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Constance Rivière

June and October 2022

François Bouchon / Le Figaro

  • Literature
  • Boston
  • New York

“Wiseman’s America is that of the unseen, voices and faces erased by institutional power.”

I met Frederick Wiseman 25 years ago, when he was 67 and I was 17. At the time, I dreamed of discovering America and working in film. He helped me find a family that I stayed with for two months as an au pair, taking time out to learn from him how to edit movies with scissors and glue to make sense of dozens of hours of footage. I came back to live in Boston to write a philosophy thesis on one of his films, Welfare, which was shot in the 1970s in a social welfare center in New York. Since then, I’ve been obsessed by his oeuvre – a one-of-kind fresco of America from 1967 to the present day, from east to west and north to south, from rural mountains to big-city shopping malls, from mixed-race New York neighborhoods to Monrovia, Indiana.

Last year, I started writing a story in the form of a journey through Wiseman’s America. To show a different side of America and introduce Wiseman to people who have not yet been lucky enough to come across his work. He is a film legend to some, and a stranger to many. In France, aside from a plethora of newspaper articles, there is only one collection of (beautiful) texts on his work published by Gallimard, and a number of academic publications written from a film-criticism perspective. But to my knowledge, no one has taken an interest in the novelistic dimension of Wiseman’s life and work.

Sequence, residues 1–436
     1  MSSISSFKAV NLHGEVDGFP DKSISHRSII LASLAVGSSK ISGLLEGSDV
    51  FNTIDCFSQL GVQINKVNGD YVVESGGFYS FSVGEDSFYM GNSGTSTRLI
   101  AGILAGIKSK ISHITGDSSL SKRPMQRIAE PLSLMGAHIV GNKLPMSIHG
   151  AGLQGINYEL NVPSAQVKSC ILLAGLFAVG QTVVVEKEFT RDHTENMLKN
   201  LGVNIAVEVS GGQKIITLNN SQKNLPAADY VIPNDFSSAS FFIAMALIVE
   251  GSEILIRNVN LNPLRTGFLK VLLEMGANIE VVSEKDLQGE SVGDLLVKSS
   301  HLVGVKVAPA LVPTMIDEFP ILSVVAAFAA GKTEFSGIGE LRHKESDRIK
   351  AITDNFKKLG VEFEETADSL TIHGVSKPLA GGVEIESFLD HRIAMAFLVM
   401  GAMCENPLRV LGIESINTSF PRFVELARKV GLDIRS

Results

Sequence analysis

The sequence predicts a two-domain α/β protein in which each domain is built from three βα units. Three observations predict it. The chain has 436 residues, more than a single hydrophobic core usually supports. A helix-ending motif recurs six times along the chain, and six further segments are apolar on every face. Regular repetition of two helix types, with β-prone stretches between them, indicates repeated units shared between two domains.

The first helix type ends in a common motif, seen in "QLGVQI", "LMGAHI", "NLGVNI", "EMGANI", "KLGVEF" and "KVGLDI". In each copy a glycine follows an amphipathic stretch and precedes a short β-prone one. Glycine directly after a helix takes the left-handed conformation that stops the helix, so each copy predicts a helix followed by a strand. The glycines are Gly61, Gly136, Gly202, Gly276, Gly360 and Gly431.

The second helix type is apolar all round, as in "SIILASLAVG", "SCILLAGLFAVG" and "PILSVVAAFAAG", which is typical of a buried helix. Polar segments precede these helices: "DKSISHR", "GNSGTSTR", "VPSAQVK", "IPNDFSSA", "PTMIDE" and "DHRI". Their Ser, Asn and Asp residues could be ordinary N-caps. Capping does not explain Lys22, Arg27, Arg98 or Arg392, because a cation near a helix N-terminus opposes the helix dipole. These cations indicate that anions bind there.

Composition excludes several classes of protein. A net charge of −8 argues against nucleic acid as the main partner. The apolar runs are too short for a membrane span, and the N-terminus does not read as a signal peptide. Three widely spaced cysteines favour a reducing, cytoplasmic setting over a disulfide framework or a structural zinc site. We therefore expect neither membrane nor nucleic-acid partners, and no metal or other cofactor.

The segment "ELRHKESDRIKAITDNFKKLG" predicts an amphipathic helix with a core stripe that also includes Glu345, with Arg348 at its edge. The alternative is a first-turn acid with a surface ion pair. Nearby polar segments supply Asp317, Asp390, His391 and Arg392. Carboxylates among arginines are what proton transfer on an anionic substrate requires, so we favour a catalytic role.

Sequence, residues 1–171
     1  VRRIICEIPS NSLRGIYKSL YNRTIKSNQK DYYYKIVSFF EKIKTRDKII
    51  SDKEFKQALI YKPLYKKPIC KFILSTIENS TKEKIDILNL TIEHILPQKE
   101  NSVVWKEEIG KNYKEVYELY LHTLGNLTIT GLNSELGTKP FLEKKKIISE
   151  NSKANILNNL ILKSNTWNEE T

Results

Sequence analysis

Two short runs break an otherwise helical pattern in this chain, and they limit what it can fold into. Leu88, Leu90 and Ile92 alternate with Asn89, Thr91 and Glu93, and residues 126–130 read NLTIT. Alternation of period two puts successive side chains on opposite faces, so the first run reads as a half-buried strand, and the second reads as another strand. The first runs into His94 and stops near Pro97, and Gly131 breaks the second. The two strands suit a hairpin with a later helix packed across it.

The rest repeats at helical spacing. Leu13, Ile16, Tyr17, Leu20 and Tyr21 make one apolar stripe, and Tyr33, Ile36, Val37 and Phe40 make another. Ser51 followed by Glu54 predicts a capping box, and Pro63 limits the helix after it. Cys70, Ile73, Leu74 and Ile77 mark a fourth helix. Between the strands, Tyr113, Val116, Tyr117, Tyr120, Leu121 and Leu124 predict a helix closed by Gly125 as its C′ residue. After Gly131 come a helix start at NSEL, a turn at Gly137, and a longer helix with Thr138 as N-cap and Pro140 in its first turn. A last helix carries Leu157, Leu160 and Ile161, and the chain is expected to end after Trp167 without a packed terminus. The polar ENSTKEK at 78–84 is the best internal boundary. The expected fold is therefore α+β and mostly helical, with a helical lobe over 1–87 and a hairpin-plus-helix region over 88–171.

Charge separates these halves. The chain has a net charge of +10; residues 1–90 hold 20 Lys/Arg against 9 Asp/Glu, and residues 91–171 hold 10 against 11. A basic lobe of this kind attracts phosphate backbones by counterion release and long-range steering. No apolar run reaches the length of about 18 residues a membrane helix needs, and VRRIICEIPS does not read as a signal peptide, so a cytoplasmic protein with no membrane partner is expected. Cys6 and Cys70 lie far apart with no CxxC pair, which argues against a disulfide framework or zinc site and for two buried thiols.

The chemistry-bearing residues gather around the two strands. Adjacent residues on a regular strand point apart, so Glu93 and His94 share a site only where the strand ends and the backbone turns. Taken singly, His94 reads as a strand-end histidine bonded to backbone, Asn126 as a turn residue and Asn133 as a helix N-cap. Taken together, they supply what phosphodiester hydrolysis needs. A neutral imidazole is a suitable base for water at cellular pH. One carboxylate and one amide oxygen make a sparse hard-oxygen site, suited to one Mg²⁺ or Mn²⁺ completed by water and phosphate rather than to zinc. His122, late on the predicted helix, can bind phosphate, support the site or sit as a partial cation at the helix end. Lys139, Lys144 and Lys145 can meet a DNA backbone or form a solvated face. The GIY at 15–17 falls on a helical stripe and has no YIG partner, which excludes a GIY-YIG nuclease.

I will begin my residency in Boston, living in Wiseman’s house – where he has not lived in years – surrounded by his archives. Being on the spot will help me trace the thread of his life and work, gain sensitivity and understanding, and hunt down images and photos of film shoots. I will then move to New York, where he made several films – go back to the places, see what they have become, and photograph them, as well. I will also meet up with him, as he will be in New York, working on the color grading of his earliest films. For the second part of the residency, I’ll set out with notebook and camera on the trail of his most memorable films, from Monrovia, Indiana (the subject of a film of his, shot just before the 2016 election, where Donald Trump received over 80% of the votes) to Dallas, Texas, where he filmed in the Neiman Marcus store, to the women’s shelter in Tampa, Florida, to the black ghetto of Chicago, Illinois (Public Housing).

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Stock is a French publishing house, subsidiary of Hachette Livre. Since the middle of the 20th century, it has specialized in foreign literature and non-fiction.


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